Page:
If you thought last week’s PUBG patch, which introduced new anti-cheating measures, was going to make everyone happy with the game finally, you were sadly mistaken. That’s because the patch’s updates to matchmaking actually made the situation much worse for many players in the west, who say the new global matchmaking parameters are shoving them into matches with players with widely different pings – and into matches in China, where cheating is allegedly most rampant.Polygon points out, however, players in Russia and Oceania are apparently happy with their newly low queue times locally, something they didn’t have before.
Last week, PUBG Corp said it was working on matchmaking… for Xbox One. “A solution to this is a new way of matchmaking, where the server/region is decided automatically depending on the player’s local region,” the company wrote. “If you group with a player from another region, matchmaking will automatically decide the best region to play on. This will not only aid in bringing back OCE / EU players to their respective servers, but also allow players to have better ping, play with other low ping players, and decrease overall matchmaking times. The team is currently working to implement this new matchmaking system to the game, targeting mid to late November. We’ll have more details to share as we get closer to being able to roll this out for our players.”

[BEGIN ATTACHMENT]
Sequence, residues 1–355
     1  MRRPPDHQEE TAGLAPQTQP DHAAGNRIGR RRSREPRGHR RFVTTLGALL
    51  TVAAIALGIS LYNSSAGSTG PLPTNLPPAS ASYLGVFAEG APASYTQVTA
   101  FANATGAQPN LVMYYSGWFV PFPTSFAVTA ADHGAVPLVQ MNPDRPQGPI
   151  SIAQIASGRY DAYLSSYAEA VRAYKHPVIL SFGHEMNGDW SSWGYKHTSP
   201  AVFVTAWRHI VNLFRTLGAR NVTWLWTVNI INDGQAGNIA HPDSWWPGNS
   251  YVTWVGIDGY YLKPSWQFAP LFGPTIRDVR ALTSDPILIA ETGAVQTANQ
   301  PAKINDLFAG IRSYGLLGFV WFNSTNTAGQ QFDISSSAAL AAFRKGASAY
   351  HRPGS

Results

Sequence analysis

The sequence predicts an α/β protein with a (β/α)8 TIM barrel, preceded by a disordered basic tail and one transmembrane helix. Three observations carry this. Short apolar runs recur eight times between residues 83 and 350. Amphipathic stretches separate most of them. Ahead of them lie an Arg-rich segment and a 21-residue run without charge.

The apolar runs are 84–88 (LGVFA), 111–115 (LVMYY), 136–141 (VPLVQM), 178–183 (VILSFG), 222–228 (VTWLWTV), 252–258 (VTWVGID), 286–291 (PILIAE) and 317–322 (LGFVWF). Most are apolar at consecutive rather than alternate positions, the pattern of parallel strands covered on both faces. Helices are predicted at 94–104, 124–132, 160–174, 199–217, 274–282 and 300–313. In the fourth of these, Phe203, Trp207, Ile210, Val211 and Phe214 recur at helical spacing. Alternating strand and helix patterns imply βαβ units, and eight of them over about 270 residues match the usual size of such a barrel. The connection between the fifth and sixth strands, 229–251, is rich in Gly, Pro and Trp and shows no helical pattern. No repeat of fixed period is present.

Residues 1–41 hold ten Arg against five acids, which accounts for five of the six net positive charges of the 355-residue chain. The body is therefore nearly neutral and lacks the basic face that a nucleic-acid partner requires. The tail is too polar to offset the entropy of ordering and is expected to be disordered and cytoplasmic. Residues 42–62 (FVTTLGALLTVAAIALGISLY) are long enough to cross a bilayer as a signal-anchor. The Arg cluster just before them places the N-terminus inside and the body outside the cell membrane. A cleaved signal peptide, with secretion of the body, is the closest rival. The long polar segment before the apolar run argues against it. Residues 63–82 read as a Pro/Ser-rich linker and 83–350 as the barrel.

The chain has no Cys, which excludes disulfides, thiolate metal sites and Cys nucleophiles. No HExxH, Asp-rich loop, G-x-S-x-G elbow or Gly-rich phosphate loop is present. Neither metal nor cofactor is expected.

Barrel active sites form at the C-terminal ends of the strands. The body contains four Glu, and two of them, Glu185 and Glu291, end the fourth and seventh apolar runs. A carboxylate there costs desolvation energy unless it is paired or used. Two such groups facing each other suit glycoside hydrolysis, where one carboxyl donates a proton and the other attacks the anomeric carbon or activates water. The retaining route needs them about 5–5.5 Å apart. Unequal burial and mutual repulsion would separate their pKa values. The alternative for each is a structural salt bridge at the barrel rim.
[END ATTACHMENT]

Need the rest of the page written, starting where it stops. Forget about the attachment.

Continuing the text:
This morning, however, the studio finally noted it’s working on the PC ping issues reintroduced by the update, which will hopefully be corrected in the upcoming Xbox version too:
PC Players: We're aware of an issue where players are entered into matches where they have an excessively high ping.
Our teams are investigating the cause of this and we will update you once we have more information to share.
— PUBG Help (@PUBG_help) October 8, 2018